Last updated on August 9, 2020 by Dan Nanni
The modern Linux kernel has been growing significantly over the years to support a wide variety of hardware devices, file systems and networking functions. During this time, "loadable kernel modules (LKM)" came into being in order to keep the kernel from getting bloated, while flexibly extending its capabilities and hardware support under different environments, without having to rebuild it.
The Linux kernel shipped with the latest Linux distributions comes with relatively a small number of "built-in modules", while the rest of hardware-specific drivers or custom capabilities exist as "loadable modules" which you can selectively load or unload.
The built-in modules are statically compiled into the kernel. Unlike loadable kernel modules which can be dynamically loaded, unloaded, looked up or listed using commands like
lsmod, built-in kernel modules are always loaded in the kernel upon boot-up, and cannot be managed with these commands.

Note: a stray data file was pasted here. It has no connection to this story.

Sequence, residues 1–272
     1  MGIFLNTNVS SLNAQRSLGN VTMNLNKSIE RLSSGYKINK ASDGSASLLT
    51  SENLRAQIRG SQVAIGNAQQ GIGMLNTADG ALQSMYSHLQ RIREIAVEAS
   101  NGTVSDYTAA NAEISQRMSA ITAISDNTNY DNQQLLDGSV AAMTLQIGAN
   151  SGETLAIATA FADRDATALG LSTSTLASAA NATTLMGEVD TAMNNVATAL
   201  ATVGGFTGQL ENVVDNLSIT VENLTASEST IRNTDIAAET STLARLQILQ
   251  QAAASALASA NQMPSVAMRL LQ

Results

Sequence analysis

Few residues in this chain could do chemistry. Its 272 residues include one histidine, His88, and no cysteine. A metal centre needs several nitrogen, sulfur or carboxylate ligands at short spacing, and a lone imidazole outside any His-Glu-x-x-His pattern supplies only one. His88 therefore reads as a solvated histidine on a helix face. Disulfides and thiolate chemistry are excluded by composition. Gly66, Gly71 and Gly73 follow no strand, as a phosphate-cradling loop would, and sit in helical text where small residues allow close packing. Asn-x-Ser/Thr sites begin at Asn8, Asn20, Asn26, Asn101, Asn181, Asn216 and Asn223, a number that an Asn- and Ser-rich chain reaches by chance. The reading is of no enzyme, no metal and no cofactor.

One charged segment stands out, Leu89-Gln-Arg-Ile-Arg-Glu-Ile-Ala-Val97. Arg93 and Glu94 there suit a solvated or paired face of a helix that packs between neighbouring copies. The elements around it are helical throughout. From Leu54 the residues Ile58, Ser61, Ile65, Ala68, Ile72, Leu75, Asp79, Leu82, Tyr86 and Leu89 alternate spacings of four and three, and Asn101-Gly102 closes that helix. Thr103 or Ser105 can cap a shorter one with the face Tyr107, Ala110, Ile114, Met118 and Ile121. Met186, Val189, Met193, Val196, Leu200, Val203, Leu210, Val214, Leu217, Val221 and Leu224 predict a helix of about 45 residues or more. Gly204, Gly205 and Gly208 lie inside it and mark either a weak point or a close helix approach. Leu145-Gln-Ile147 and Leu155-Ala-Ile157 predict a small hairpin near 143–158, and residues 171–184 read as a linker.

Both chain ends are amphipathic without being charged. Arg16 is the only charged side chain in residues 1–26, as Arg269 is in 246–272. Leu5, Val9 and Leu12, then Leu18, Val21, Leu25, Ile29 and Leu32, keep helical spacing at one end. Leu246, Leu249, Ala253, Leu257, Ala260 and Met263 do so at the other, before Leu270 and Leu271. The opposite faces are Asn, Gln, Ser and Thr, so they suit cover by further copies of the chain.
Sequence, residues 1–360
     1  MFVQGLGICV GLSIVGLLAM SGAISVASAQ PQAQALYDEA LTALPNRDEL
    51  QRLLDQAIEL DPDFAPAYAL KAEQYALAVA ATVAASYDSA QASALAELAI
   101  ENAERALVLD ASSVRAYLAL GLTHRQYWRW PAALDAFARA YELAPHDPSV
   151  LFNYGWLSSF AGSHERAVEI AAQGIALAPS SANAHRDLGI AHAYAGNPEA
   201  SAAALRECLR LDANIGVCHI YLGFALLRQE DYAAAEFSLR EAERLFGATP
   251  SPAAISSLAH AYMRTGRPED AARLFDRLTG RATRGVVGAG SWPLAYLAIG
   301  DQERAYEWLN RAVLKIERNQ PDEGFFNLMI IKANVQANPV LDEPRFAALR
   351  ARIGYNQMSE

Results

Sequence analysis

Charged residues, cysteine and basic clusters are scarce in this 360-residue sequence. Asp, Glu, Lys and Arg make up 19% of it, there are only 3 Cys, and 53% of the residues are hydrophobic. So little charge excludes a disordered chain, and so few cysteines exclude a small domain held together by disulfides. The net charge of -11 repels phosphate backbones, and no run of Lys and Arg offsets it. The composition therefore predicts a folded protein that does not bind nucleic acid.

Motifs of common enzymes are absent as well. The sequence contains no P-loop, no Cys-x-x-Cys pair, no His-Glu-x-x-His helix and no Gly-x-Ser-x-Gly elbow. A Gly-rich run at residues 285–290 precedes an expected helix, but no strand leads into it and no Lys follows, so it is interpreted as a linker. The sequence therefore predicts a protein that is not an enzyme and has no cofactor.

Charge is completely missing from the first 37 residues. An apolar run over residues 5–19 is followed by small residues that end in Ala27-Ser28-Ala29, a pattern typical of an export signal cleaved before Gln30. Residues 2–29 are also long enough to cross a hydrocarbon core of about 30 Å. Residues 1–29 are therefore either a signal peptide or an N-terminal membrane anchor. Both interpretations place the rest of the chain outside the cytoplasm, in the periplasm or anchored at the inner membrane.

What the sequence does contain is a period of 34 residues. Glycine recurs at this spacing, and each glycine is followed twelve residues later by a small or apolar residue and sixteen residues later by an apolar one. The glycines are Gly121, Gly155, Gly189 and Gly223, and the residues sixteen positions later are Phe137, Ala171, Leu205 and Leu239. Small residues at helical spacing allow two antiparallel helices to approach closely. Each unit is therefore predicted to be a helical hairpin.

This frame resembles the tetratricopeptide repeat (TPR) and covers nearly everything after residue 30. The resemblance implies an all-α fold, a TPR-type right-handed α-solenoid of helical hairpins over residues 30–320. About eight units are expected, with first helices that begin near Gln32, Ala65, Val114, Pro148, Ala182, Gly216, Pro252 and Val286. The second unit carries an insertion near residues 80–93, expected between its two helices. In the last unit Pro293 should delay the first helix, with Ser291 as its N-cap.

To get a list of all built-in modules, run the following command.
$ cat /lib/modules/$(uname -r)/modules.builtin
You can also get a hint on what modules are built-in by running:
Each kernel module, whether it's built-in or loadable, comes with a set of parameters. For loadable kernel modules, the
modinfo command will show parameter information about them. However, this command will not work with built-in modules. You will simply get the following error.
modinfo: ERROR: Module XXXXXX not found.
If you want to check what parameters are available in a given built-in module, and what their values are, you can instead examine the content in
/sys/module directory, you will find sub-directories named after existing kernel modules (both built-in and loadable). Then in each module directory, there is a directory named
parameters, which lists all available parameters for the module.
For example, let's say you want to find out parameters of a built-in module called
tcp_cubic (the default TCP implementation of the kernel). Then you can do this:
$ ls /sys/module/tcp_cubic/parameters
And check the value of each parameter by reading a corresponding file.
$ cat /sys/module/tcp_cubic/parameters/tcp_friendliness
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